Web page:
Types of Rope

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Seven types of rope, from left to right: three-strand nylon, braided nylon, three-strand polypropylene manila imitation, three-strand polypropylene, three-strand manila, three-strand sisal, and three-strand cotton.
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A short splice is well suited to the permanent joining of two natural fiber ropes that won't have to pass through a pulley.
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Sailors whipping follows the strand pattern of the rope. It's a good way to protect natural fiber ends.
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The ends of synthetic ropes can be melted to prevent unraveling.
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A back splice will permanently protect the end of a natural rope but can be used only if you won't need to slip the line through a small restriction such as a pulley or eye, since the splice increases the end's diameter significantly.
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Common whipping holds together the end of a length of cotton rope.

Over the last 20 years, the once simple act of picking out
and using a length of rope has become pretty complicated: A
profusion of new synthetic lines has joined the natural
varieties on hardware store shelves, forcing baffled
buyers to choose among well over a dozen combinations of
fiber and twisting style.

Of course, each of the numerous ropes available are
better suited for some tasks than others, and the
material that a cord is made of will likely require
specific care. So we decided that it might be helpful to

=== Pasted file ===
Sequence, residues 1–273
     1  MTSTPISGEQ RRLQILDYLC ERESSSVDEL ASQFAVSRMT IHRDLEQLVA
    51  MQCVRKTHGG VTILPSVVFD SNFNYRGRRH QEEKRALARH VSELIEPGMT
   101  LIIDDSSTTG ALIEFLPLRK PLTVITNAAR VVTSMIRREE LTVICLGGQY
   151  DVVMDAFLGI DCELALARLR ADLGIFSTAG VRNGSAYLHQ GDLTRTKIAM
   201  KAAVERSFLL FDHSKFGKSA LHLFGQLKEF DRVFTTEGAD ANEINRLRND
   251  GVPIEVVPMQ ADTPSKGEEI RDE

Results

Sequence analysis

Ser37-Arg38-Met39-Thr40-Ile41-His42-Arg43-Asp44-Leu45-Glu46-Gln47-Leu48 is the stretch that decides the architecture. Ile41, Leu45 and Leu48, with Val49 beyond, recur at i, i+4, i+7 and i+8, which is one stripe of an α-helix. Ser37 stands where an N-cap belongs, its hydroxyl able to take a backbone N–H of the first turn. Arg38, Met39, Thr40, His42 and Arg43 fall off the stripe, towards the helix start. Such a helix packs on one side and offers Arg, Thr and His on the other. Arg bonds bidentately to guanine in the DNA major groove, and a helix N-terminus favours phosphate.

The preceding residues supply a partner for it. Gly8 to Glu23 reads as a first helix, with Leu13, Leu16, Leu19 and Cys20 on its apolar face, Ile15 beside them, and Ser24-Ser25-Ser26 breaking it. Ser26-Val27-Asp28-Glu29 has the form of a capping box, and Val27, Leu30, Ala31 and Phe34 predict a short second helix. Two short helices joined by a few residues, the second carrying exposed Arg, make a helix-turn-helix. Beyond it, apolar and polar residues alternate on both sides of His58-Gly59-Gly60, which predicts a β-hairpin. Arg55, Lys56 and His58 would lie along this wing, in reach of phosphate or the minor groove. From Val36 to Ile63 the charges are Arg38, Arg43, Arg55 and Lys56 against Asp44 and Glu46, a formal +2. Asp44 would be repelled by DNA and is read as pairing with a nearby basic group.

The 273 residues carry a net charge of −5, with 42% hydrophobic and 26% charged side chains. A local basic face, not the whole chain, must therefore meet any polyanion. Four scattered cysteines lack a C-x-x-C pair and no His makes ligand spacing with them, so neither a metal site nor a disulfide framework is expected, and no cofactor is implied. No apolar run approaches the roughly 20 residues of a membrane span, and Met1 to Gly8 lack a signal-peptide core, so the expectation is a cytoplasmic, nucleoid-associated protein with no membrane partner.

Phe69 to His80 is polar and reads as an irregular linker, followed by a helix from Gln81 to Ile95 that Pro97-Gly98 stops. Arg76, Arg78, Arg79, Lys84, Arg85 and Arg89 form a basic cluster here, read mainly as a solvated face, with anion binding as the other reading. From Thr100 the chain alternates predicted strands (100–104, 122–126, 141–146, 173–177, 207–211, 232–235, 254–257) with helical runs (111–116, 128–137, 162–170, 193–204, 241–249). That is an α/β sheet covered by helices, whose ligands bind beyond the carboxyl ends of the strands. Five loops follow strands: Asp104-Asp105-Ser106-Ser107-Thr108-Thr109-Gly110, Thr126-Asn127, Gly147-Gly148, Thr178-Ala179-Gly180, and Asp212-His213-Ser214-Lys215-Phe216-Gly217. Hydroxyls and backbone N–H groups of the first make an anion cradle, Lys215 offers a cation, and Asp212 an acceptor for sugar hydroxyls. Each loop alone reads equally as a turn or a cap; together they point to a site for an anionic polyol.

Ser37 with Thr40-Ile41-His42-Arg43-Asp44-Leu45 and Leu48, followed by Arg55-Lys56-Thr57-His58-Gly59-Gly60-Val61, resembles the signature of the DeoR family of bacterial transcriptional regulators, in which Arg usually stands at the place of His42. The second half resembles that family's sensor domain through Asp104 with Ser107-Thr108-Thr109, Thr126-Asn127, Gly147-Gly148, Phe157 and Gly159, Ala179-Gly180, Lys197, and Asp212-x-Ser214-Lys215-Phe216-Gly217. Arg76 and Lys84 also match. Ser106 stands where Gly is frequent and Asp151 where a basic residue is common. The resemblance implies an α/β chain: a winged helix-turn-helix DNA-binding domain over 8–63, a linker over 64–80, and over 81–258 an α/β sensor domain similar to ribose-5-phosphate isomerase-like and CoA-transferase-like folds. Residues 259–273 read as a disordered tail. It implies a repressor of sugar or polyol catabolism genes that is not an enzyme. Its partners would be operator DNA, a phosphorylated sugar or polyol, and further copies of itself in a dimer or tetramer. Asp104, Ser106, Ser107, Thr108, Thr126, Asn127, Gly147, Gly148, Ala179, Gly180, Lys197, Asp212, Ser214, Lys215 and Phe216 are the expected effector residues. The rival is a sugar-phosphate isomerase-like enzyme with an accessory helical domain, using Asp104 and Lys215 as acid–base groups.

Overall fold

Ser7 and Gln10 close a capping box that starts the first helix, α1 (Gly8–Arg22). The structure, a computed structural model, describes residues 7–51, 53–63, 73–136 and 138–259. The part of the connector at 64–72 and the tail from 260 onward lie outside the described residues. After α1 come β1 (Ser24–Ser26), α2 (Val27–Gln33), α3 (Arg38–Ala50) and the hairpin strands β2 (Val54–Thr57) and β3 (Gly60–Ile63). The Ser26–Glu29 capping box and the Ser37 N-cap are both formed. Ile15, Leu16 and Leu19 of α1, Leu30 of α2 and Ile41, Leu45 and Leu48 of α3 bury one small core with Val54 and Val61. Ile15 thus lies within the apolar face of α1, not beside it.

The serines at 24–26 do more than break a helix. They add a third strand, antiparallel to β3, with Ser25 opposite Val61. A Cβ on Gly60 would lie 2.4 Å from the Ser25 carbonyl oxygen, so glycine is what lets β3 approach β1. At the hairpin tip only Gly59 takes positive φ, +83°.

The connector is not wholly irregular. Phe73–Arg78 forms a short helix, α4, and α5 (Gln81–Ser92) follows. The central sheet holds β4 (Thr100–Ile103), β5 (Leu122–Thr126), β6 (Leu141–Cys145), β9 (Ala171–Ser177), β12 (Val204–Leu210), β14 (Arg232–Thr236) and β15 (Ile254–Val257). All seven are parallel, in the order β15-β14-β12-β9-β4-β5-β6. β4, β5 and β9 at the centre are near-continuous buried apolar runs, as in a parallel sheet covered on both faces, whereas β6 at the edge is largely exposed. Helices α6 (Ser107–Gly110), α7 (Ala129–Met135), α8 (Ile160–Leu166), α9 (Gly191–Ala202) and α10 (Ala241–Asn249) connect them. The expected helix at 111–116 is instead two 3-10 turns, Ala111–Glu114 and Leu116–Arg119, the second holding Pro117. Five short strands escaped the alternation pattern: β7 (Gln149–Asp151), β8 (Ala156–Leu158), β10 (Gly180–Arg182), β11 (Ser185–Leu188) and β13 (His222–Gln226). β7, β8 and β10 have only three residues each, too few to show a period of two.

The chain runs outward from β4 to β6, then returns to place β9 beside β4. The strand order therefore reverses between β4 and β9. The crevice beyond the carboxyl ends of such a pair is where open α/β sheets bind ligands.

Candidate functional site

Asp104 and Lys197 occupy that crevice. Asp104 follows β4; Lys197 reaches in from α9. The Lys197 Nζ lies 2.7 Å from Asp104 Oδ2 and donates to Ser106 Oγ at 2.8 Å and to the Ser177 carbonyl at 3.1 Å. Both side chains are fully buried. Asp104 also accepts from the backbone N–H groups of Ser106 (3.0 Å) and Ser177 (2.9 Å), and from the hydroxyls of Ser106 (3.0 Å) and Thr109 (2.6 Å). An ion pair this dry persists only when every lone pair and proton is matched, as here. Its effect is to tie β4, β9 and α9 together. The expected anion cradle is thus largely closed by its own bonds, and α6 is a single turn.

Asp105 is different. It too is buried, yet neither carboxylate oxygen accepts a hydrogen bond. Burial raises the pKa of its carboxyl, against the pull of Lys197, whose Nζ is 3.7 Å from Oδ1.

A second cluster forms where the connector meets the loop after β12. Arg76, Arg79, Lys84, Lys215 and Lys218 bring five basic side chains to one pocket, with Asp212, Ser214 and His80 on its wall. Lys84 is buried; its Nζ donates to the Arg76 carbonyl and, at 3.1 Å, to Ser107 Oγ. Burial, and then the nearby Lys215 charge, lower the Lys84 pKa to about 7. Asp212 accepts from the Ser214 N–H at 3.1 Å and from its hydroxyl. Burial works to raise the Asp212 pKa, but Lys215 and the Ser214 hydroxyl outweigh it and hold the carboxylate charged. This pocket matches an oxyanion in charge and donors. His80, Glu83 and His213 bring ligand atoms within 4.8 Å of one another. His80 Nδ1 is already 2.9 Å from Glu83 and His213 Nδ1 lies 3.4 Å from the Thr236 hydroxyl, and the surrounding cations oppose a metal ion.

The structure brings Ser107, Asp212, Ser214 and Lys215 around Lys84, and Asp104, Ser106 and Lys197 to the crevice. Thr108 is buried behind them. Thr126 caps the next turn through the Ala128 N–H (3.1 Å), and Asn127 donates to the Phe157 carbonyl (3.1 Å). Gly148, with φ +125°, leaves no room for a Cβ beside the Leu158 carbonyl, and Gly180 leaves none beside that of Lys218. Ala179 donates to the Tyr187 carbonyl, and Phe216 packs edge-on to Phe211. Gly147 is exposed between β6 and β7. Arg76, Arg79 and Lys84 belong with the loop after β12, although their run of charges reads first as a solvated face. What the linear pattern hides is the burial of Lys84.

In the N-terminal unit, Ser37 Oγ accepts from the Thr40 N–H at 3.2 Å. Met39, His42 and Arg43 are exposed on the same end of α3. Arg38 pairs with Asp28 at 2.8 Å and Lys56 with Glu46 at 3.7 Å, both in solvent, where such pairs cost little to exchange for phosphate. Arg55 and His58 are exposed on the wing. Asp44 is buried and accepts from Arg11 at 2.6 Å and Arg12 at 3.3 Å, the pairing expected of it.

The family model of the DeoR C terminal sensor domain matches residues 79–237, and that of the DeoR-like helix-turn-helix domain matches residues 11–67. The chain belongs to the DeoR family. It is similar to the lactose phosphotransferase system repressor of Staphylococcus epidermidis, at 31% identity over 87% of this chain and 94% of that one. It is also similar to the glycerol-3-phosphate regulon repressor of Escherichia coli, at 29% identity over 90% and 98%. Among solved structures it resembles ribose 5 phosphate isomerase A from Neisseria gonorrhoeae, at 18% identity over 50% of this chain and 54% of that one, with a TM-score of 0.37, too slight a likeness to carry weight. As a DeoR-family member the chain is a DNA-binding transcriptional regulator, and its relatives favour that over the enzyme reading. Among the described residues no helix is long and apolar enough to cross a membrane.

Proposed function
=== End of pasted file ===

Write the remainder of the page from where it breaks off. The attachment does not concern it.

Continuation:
describe several of the more common types of rope and tell
you what they’re good for, as well as what steps should be
taken to get the maximum life from each.

Twisting the Right-A-Way

In its most simple form, rope consists of long fibers that
are first twisted (usually in a clockwise fashion) to form
yarns. Then a number of the wound strings are spun
together, in the opposite direction, to yield strands …
which are in turn twisted back in a right-hand direction
(in groups of three) to make “hawser-laid” rope.

The combination of these counterdirectional twists gives
the finished cord more strength than that of the individual
fibers composing it, since the friction between the fibers,
yarns, and strands increases the line’s resistance to
stretch. Furthermore, the winding process prevents the
material from unraveling. (In fact, if you take a good
piece of three-strand rope and attempt to untwist it in the
middle, you’ll notice that, after about one quarter-turn,
it vigorously resists unwinding.)

There are, however, a number of other ways to “lay-up” a
rope. Although they are somewhat rare, it’s possible to
locate left-hand-laid three-strand ropes, and even
four-strand ropes. But braiding is by far the most common
of the alternative twist techniques. It’s accomplished by
weaving eight (or more) strands together in a “diamond”
pattern and produces a rope that’s very flexible,
doesn’t tend to curl, and stretches even less than does a
twisted rope made of the same material and of equal
diameter. (Not surprisingly, braided–sometimes called
plaited–line’s superior qualities result in its
having the highest average price tag of all ropes.)

Synthetic vs. Natural

From a utilitarian point of view, synthetic rope
has a number of advantages over natural fiber rope. For a given
diameter, they are stronger, more resistant to most types
of decay, and only slightly more expensive than the
nonsynthetics.

Such “artificial” lines are, for the most part,
manufactured from by-products of the oil refining process
and therefore depend upon nonrenewable raw materials. (In
fact, polyethylene ropes are made from ethylene, a
petroleum substance that can also be used to produce ethyl
alcohol, or fuel ethanol.) Compounds obtained from the
hydrocarbons are extruded and drawn, and–depending
upon the fastidiousness of the production process can be
formed into threads that extend for the entire length of a
rope (a feature not possible with natural fibers). The
finest nylon lines are made by this “continuous filament”
method, and are easy to distinguish from the fuzzier “spun”
nylon ropes.